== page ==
Hong Kong’s premium office vacancy rate hits 19-year high of 12 per cent as more companies adopt work-from-home policies to counter downturn
- There is 9.8 million sq ft of empty grade A space in the city, equivalent to about five International Finance Centres or 170 football fields, according to a CBRE report on Tuesday
- Kowloon East had the highest vacancy rate, at 14.6 per cent, while in the city’s main business zone, Central, the rate was 8.2 per cent
Some of Hong Kong’s main office districts – Wan Chai and Causeway Bay, Hong Kong East, Tsim Sha Tsui and Kowloon East – saw double-digit vacancy rates last month. Kowloon East had the highest at 14.6 per cent, the data showed.
The vacancy rate in the zone covered by Central, Admiralty and Sheung Wan increased from 7.6 per cent at the end of last year to 8.2 per cent by the end of June.
Several banks in Hong Kong were among the employers who adopted flexible working arrangement as the city continues to guard against Covid-19 infections.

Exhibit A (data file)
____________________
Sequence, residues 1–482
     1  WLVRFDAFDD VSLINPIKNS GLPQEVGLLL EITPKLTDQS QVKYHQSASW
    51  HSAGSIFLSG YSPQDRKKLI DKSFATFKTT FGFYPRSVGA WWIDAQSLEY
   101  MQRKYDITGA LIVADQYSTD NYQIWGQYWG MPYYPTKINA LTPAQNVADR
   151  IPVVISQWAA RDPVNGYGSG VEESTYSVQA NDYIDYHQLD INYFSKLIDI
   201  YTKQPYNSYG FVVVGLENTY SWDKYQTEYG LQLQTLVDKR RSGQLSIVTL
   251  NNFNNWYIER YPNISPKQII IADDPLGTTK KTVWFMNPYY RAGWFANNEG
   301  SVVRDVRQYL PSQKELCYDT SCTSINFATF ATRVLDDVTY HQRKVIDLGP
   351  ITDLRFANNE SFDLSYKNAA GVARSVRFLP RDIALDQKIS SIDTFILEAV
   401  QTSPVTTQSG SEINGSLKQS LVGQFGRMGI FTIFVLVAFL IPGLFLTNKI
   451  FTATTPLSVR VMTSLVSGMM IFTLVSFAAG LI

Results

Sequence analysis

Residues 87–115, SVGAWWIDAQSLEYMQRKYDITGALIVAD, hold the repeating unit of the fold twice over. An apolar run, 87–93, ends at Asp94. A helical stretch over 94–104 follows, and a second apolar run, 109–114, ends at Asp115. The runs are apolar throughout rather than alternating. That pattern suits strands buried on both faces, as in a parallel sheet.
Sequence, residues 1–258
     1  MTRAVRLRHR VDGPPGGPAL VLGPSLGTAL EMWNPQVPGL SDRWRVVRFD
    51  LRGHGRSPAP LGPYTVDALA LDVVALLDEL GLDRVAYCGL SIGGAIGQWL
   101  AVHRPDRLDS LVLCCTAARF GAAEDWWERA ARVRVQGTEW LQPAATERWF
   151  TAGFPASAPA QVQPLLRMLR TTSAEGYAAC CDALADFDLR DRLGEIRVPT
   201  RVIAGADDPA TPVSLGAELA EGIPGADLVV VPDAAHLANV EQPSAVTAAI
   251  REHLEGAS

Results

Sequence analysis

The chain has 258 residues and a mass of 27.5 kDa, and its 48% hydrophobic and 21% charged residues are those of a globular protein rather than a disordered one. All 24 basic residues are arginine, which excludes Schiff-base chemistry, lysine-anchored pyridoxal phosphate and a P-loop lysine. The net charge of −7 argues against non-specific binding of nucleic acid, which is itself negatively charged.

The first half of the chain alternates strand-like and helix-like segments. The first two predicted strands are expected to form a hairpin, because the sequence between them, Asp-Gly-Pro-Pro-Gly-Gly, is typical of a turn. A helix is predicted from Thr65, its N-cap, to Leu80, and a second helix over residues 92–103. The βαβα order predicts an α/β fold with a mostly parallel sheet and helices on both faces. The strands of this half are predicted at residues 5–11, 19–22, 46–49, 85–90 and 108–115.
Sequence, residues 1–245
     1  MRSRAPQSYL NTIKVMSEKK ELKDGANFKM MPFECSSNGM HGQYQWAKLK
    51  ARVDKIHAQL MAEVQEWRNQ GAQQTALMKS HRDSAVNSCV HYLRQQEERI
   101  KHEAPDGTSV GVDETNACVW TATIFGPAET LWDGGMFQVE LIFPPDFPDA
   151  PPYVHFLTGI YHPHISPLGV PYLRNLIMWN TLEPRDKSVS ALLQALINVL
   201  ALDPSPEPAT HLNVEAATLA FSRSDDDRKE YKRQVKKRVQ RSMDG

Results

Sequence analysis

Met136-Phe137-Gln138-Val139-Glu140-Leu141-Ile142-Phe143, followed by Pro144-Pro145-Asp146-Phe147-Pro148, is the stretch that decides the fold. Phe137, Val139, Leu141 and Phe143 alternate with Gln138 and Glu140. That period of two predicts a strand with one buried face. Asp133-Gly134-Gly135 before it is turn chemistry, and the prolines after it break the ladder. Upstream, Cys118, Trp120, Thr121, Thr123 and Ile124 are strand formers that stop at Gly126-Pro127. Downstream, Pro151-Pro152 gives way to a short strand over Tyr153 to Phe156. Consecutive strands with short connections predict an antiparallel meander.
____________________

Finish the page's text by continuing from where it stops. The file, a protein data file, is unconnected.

The largest drop in office rents in the first half of 2022 was seen in Hong Kong East, where the average rate fell 3.9 per cent on a year-on-year basis.
Fung said the decline in average rents has been led by a surplus of supply in the market, which happened as companies tried to control costs by adopting remote-working policies.
She anticipates new office supply surging to 3.7 million square feet by the end of 2022, from 576,200 square feet last year.
“With business momentum forecast to resume along with the potential return of Chinese enterprises, leasing activity is expected to increase in [the second half of] 2022,” she said.
Overall, grade A office rents fell by 0.4 per cent in the second quarter, bringing the total decline for the first half of 2022 to 1 per cent. Gross leasing activity dropped 23 per cent to 855,700 square feet in the second quarter, resulting in a 6.7 per cent year-on-year slump in leasing volume.
Marcos Chan, the head of research at CBRE, said opportunities remain for both investors and occupiers as discounts are relatively large right now. The potential return of Chinese firms and a possible change of quarantine policies gives office owners a glimmer of hope, though they will still face challenges.
“The supply boom and a limited increase in demand will intensify competition,” he said.